Oregon Coast Community Action (ORCA) has been notified that it will get $10,743 in state lottery money to help Curry and Coos county’s homeless veterans.
The money represents 3.7 percent of the $350,000 recently released by the state Housing and Community Services (OHCS) department.
The funds are a result of voter-approved Measure 96 that allocates a 1.5 percent of net lottery revenue to veterans’ issues. Last session, the legislature authorized spending $1.5 million $18.7 million anticipated to be garnered in lottery revenue in the next two years.
The $350,000 released this week is part of that $1.5 million — “a kind of advance,” said Ariel Nelson, OHCS’s government relations and communications liaison. The legislature will decide how the remainder will be allocated when it meets again in February.
“Every veteran in Oregon deserves safe and stable housing,” Gov. Kate Brown said. “I’m proud of the progress we’re making to ensure every veteran has a roof over his or her head, and this dedicated funding takes us another step closer toward ending veterans homelessness in Oregon.”
Where to spend it?
Mike Lehman, CEO of ORCA, said both counties will first enhance services already in place and then discuss what they can and can’t do with the additional money.
“One requirement of the law is that we partner and collaborate with other entities, the VSO (veteran service officers) in both counties,” he said. “It’s be a lot of partnering and conversation — the biggest bang for the buck.”
The idea of purchasing a building to house veterans is an idea that has been discussed at length, Lehman added.
“I’ve been told this, and I’ve learned it first-hand,” he said. “Sometimes the easiest thing to do is purchase a building. The difficult thing is to maintain it and keep it operating and provide services there. We’ve looked carefully at (this).”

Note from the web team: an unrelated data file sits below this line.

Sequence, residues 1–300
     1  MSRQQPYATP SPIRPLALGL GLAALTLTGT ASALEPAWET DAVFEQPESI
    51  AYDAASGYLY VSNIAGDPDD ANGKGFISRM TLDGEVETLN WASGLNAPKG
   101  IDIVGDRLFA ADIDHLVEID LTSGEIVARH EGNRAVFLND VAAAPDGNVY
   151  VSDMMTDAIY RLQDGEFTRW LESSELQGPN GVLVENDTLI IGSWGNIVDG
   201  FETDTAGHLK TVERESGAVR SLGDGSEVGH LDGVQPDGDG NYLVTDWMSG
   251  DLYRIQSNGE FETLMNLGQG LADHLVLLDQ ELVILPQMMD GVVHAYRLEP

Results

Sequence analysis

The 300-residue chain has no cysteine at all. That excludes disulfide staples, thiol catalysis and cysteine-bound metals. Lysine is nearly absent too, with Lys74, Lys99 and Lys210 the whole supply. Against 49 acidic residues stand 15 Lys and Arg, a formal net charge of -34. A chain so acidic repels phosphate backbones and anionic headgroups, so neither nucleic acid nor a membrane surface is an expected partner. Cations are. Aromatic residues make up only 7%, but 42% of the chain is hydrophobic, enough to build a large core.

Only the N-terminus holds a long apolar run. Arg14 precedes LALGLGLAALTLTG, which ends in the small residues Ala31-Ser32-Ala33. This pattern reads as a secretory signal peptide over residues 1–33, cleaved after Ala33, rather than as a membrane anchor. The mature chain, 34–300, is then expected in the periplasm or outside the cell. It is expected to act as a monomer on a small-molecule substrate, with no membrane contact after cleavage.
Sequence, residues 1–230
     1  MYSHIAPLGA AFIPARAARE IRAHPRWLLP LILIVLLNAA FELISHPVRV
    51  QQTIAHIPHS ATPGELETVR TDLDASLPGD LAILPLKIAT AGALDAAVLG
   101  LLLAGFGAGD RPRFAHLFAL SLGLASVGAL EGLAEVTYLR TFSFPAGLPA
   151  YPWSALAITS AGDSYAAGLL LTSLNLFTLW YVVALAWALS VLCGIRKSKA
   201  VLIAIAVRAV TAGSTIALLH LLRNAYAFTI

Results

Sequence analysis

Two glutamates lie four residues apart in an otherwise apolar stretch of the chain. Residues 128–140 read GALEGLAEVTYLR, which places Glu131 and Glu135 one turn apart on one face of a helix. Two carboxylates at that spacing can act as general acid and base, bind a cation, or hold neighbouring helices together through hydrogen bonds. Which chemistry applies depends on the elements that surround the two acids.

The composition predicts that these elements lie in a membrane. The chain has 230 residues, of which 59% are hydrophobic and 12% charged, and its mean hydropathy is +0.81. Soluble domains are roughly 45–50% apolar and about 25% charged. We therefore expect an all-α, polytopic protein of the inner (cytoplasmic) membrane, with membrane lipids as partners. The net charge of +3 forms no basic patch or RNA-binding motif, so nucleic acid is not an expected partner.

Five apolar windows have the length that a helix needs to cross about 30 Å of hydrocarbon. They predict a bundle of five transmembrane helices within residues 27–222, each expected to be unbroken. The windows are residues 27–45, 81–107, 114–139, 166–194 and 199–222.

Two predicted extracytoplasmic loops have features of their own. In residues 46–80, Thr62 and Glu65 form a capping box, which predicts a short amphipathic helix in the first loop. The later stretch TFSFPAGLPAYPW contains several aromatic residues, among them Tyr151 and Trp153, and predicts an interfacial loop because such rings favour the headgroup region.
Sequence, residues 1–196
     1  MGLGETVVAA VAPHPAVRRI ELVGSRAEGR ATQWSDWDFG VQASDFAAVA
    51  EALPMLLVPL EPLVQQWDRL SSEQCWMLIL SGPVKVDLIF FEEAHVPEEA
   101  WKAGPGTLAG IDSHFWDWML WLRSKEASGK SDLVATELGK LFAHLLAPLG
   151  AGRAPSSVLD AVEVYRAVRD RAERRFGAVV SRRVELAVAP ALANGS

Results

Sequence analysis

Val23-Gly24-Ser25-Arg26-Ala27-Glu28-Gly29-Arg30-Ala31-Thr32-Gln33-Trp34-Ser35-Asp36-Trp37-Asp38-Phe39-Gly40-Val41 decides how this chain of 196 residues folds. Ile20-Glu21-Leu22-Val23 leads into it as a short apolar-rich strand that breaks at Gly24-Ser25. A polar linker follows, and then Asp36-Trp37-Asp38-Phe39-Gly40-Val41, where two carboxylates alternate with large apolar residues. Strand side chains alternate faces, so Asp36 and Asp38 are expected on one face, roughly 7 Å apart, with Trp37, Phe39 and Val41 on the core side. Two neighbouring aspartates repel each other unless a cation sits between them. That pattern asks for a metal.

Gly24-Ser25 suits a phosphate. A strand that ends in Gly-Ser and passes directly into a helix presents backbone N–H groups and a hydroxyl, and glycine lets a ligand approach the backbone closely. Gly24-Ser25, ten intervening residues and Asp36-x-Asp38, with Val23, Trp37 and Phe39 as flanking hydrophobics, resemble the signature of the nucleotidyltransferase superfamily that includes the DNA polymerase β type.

A developers in North Bend has expressed interest in doing so, he added.
“I’ve always said if we could get 20 units in Curry County, it’d be a significant impact,” he said. “But it would probably need to be spread between three locations. Building structures is very difficult. It’s an expensive, long, drawn-out process.”
In the meantime, ORCA and county VSOs plan to use local resources to address the problem for all homeless people.
“More than anything, these dollars will be very helpful in filling in services — medical care, transportation, providing rental assistance and deposits to get people into housing,” Lehman said.
Curry County has the most veterans, per capita, of any other county in Oregon, and funds are allocated based on a formula that partially takes into account the annual Point-in-Time homeless count each January, during which the state tries to figure out the population of homeless.
This year’s one-day count was held during inclement weather throughout the state, which bodes well for those counting homeless people in cities that offer shelter. In bad weather, the citys’ homeless gravitate toward shelters and are more easily counted.
But here, they hunker down and are less likely to be counted, thus skewing the numbers, Nelson admitted. Only 10 veterans were counted as being as homeless in January 2017.
“We know it’s an undercount,” she said. “It’s not going to show every veteran. It’s not the only tool, not the best tool, but it is a tool and gives us an opportunity to look. It depends on the county; different data collections can get different results.”
The formula, the same one used from document reports for emergency housing assistance, wasn’t changed to reflect the percentage of veterans in the homeless populations because some counties didn’t identify the veterans, Nelson said.
“When I listen to other agencies, their message is all the same: ‘It’s not enough; what are we going to do?’” Lehman said. “It’s better than nothing, but it’s not a solution.”
The formula takes into account the number of veterans with an annual income below the federal poverty threshold and gives that a 55 percent weight in the equation. An additional 35 percent weight is given to the number of households that spend more than 50 percent for housing. The remaining 10 percent is based on the number of people counted as homeless during the Point-in-Time in the past two counts.
According to the Point-in-Time count last conducted in 2015, the number of homeless veterans statewide declined 121 people, or 9 percent.
“In the last few years, we have made great progress in reducing the number of homeless veterans, but we still have a long way to go to meet our goal of ending veteran homelessness in our state,” said Cameron Smith, director of the Oregon Department of Veterans’ Affairs. “This funding is essential as we continue to work to address the housing needs of all of Oregon’s veterans and their families.”